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Ted Cruz Tried To Use A Star Wars Metaphor To Argue Against Net Neutrality — And Mark Hamill Was Not Having It

And you thought 2017 couldn't get any weirder.

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Who knew that a Tatooine farmboy would rise up from his humble beginnings to become one of the greatest defenders of net neutrality the galaxy has ever known?

But this is 2017, so we shouldn't expect anything less at this point. So please, pull up a chair while we unpack how actor Mark Hamill, best known for his role as Luke Skywalker, clapped back at Republican Sen. Ted Cruz in a Twitter debate about ending net neutrality.

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The backstory: Last week, the Federal Communications Commission voted to repeal rules that protected net neutrality by barring internet service providers from slowing websites or charging premiums for specific sites. The FCC is led by longtime net neutrality critic Ajit Pai, who was appointed to the role by President Trump, so the vote was not entirely surprising.

Critics argue that the move to get rid of net neutrality favors big corporations, and have threatened to file lawsuits to try to slow or stop the process of deregulation. Artists, actors, and musicians have also argued that repealing net neutrality will hurt those in entertainment and other creative industries.

In what would otherwise have been completely unrelated news, the latest Star Wars movie, The Last Jedi, was released Friday and everyone was really excited about it, including one of the film's stars, Mark Hamill. Hamill happens to be really good at Twitter and likes to chat with his fans, and has also occasionally tweeted things that make it clear he's not a fan of Trump.

The drama started Saturday when the actor tweeted a screenshot of a video Pai made about ending net neutrality, in which the FCC chairman is seen wielding a toy lightsaber. Hamill seemed to take offense at this, writing that "a Jedi acts selflessly for the common man" and not to "enrich giant corporations." He also used the hashtag #AJediYouAreNOT and a puke emoji.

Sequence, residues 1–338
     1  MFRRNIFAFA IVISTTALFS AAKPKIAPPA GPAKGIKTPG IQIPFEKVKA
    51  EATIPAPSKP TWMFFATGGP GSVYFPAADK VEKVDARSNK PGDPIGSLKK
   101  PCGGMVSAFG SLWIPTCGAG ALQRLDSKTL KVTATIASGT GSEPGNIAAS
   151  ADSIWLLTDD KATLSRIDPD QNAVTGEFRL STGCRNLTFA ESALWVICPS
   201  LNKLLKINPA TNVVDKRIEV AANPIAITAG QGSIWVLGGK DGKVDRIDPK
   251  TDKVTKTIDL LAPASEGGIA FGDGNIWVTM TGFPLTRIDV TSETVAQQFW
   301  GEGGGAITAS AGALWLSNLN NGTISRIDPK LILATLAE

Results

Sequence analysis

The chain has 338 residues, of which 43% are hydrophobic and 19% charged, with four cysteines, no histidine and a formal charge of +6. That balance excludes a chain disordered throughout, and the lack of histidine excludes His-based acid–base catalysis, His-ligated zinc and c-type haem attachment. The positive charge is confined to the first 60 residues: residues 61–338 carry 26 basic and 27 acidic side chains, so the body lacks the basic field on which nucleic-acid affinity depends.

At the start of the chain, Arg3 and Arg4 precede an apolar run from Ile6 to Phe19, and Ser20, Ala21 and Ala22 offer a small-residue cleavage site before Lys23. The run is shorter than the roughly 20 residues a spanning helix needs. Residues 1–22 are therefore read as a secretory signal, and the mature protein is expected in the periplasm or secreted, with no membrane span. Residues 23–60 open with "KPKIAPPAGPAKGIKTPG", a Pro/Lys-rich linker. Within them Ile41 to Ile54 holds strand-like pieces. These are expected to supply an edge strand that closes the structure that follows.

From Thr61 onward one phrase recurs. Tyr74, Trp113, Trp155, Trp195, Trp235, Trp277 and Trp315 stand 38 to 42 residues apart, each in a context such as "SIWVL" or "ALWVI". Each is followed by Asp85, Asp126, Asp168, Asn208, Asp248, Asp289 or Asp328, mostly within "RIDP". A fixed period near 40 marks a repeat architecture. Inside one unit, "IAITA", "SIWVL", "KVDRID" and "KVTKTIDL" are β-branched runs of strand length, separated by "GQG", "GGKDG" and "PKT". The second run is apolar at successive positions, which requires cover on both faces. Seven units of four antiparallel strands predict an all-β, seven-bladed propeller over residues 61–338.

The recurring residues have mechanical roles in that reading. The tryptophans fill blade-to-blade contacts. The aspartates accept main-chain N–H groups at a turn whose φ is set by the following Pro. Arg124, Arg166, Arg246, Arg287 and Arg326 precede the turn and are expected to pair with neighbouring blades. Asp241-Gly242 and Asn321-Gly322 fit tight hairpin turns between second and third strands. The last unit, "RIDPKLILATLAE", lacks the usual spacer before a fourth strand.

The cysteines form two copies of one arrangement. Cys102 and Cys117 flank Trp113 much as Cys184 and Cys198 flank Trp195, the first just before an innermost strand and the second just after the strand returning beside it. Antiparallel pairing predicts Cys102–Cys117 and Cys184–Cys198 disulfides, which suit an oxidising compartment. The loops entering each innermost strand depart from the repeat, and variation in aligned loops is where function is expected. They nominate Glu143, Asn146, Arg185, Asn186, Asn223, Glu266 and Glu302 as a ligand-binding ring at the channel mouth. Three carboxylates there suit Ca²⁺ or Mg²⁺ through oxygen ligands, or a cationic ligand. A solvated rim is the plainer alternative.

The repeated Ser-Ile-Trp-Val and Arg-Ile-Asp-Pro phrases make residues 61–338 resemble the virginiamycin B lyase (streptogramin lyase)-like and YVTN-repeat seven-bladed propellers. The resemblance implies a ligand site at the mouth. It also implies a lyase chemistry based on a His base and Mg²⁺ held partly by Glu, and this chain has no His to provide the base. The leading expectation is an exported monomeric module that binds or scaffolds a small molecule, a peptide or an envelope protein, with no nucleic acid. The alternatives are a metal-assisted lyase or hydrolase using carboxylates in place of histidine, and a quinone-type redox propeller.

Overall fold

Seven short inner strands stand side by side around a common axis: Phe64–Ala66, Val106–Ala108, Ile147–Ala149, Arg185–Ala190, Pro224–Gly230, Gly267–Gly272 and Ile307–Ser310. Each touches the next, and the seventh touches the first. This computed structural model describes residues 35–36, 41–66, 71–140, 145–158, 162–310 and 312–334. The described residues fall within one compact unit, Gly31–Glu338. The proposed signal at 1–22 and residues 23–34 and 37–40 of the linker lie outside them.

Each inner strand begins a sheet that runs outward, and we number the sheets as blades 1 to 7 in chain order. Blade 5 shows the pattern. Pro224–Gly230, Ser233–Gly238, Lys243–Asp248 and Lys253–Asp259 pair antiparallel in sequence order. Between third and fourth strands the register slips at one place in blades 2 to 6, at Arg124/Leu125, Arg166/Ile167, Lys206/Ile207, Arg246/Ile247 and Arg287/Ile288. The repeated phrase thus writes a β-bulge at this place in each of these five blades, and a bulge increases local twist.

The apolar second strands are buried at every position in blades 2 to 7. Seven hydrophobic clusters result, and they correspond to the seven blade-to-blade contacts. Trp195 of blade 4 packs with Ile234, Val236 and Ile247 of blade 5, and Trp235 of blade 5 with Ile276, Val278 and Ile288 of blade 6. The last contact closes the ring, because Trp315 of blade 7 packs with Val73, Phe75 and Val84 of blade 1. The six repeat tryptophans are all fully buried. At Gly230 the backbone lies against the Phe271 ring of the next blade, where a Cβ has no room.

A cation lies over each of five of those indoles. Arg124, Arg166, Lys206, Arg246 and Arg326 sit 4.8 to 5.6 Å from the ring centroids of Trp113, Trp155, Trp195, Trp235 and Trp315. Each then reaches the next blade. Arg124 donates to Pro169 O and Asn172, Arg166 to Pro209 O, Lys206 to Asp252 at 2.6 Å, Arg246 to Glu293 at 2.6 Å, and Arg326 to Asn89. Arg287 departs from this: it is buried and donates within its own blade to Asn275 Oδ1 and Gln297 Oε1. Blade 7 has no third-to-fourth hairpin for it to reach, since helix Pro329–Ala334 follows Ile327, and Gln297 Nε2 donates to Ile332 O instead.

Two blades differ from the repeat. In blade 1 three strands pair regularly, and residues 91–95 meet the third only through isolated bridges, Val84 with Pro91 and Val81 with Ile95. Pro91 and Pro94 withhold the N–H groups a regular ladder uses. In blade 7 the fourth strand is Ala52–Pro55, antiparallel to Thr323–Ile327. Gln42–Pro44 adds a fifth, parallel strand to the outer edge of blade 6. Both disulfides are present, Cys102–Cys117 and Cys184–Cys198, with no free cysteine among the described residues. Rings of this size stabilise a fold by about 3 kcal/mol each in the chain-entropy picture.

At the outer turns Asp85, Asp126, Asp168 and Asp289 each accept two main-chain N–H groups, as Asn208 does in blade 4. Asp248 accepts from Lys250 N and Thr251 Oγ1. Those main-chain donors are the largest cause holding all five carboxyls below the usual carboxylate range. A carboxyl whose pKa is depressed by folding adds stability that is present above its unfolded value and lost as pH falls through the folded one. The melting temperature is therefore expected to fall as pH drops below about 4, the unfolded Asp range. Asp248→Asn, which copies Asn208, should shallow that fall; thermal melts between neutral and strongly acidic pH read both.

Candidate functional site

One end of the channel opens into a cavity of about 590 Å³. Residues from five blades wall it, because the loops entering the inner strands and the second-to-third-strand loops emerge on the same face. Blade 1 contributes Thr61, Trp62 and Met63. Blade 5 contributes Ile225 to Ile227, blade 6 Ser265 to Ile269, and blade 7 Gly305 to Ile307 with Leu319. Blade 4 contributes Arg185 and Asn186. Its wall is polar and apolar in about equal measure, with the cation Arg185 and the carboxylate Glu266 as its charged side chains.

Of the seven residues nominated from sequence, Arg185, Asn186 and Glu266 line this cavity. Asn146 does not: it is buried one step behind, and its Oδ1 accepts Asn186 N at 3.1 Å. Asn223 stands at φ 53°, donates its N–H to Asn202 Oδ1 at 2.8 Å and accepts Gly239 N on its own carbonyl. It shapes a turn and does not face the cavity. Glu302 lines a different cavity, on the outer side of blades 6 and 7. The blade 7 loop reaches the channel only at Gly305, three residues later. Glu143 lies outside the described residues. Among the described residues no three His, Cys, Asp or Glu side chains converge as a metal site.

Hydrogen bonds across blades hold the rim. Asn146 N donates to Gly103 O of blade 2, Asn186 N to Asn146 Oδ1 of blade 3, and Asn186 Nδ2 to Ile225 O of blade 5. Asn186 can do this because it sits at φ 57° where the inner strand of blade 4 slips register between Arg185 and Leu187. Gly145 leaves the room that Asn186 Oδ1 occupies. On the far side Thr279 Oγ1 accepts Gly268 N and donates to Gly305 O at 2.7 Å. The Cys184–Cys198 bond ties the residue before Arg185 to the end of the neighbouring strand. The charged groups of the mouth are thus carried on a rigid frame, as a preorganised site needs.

It's also worth mentioning that the video Pai appeared in is super bizarre, and features the FCC chairman dancing the "Harlem Shake" with a woman who pushes the Pizzagate conspiracy theory. In the Star Wars–inspired scene of the video, Pai wears a hoodie and brandishes the toy lightsaber, explaining that "you can still stay part of your fave fandom" as the Star Wars theme plays in the background.

View this video on YouTube

youtube.com

Hamill's tweet also asked whether the FCC commissioner paid royalties to use the Star Wars theme, written by composer John Williams. BuzzFeed News has reached out to Pai to find out if he did pay to use the music.

On a sidenote, Baauer, the DJ and producer who created "Harlem Shake," was not happy about the use of his song in the video. His record label, Mad Decent, said Thursday that it would explore legal action for unauthorized use of the music if the video were not removed.

Then on Sunday, Ted Cruz, a Republican senator from Texas, tweeted back at Hamill (although he misspelled his username), comparing net neutrality to the dark side. "Luke, I know Hollywood can be confusing, but it was Vader who supported government power over everything said and done on the Internet," Cruz wrote. "That's why giant corps (Google, Facebook, Netflix) supported the FCC power grab of net neutrality."

Ted Cruz / Via Twitter

What is the Star Wars metaphor he's trying to work out? IDK TBH.

Despite Cruz's misspelling, Hamill still managed to respond. "Thanks for smarm-spaining it to me @tedcruz I know politics can be confusing, but you'd have more credibility if you spelled my name correctly," the actor tweeted. "I mean IT'S RIGHT THERE IN FRONT OF YOU!" He then suggested that perhaps Cruz was distracted because he was watching porn, referencing the infamous moment when the senator's Twitter account was caught liking a tweet featuring a two-minute porn video.

As of Sunday night, Hamill had not yet responded — with The Last Jedi opening to a debut of $220 million at the North American box office, it's not like he didn't have other things going on this weekend. The actor did, however, make a mental note to spell his Twitter insults better in 2018.

Michelle Broder Van Dyke is a reporter and night editor for BuzzFeed News and is based in Hawaii.

Contact Michelle Broder Van Dyke at michelle@buzzfeed.com.

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